Oct 20, 2022
Two weeks have passed since the New Zealand government opened consultation on its proposals for this country’s new world-first farm-level emissions pricing system. DINZ has “deep concern” about the proposals’ impact on deer farming viability as they stand.
It’s a rapidly moving picture, but DINZ chair Mandy Bell has been encouraged by what she has heard in personal meetings, eyeballing top primary sector leaders and ministers, she told deer farming leaders in Wellington last week.
“There has always been a focus on the big picture and, for us, that is thriving economic viability,” Bell told the NZ Deer Farmers Association (NZDFA) executive and branch chairs.
She has been in regular contact with the DFA and 11 other primary sector leaders behind the scenes as a member of the Food and Fibre Leaders Forum (FFLF), chaired by former Special Agricultural Trade Envoy Mike Petersen. Each have given a commitment to work together constructively for the good of the whole sector.
Behind those closed doors there is open and frank discussion – “much better than battling it out in the media” – which has left her encouraged, “way more than I thought I would be,” said Bell, who is primarily concerned about the long-term impact on deer farmers’ incomes.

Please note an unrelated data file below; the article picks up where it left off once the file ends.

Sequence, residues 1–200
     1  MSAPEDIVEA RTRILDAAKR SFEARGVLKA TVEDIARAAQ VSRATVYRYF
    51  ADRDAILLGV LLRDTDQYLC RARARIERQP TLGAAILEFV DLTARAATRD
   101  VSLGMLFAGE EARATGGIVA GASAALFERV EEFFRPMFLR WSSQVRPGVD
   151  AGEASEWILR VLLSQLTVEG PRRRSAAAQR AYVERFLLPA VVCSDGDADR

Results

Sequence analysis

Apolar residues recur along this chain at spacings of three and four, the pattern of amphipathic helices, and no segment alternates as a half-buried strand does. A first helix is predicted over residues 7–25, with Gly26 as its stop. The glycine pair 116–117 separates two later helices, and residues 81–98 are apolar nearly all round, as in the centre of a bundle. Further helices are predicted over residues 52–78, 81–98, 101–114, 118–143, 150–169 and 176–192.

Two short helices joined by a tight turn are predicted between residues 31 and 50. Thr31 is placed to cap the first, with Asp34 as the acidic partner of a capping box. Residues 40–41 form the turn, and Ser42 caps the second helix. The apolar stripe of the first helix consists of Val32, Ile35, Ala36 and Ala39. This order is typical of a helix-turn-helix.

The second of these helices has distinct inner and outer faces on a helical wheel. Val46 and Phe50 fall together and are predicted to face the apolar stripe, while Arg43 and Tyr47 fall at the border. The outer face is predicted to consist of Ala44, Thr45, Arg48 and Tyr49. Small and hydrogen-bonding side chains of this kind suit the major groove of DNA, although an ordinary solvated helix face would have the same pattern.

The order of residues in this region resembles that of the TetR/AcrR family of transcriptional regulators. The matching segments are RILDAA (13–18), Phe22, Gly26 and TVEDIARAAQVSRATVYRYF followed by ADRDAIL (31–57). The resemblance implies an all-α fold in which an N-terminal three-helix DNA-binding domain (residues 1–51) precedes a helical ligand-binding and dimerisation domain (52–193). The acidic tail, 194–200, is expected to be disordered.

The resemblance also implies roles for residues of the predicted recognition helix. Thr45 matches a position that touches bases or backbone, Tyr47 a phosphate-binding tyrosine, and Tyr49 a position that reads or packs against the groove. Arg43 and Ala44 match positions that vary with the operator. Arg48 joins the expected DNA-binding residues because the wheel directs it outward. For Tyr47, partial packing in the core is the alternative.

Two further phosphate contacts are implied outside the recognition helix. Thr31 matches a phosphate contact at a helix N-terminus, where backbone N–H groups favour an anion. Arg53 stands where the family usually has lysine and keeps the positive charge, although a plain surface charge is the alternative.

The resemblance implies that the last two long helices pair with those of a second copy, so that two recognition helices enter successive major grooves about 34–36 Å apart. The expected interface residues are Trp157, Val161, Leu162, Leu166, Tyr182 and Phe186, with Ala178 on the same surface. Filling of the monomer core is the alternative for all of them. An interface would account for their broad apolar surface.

“Our bottom line is to have a prosperous industry that is recognised for its great environmental performance.”
HWEN partners have been working together on a scheme to avoid the ‘stick’ – and unpopular – alternative, for agriculture to go directly into the Emissions Trading Scheme (ETS) by 1 January 2025 via a processor levy, as has already been legislated into place, should an alternative not be agreed.
Bell told the group her meetings with government and a range of ministers have reassured her that there is awareness of the pain and anger being expressed by farmers around the country.
“Positively, government has modelled the impacts on the primary sector and has highlighted the significant impacts on sheep, beef and deer which do not have the same opportunity for mitigation as dairy. All understand this. They get it,” Bell said.
“We’re now moving to a constructive space where we have to find solutions to economic viability and a just transition.”
International imperatives, including the fact trade agreements are now including greenhouse gas mitigation clauses – raising the spectre of barriers to trade being imposed on New Zealand exports – are adding to the urgency for government to get this right, noted DINZ board member Jacqueline Rowarth.
DINZ is reinforcing to policy makers what they have already recognised, Bell says.
“The farm price needs to allow businesses to remain economically viable until practical tools to reduce methane and nitrous oxide emissions from pastoral farming are available.”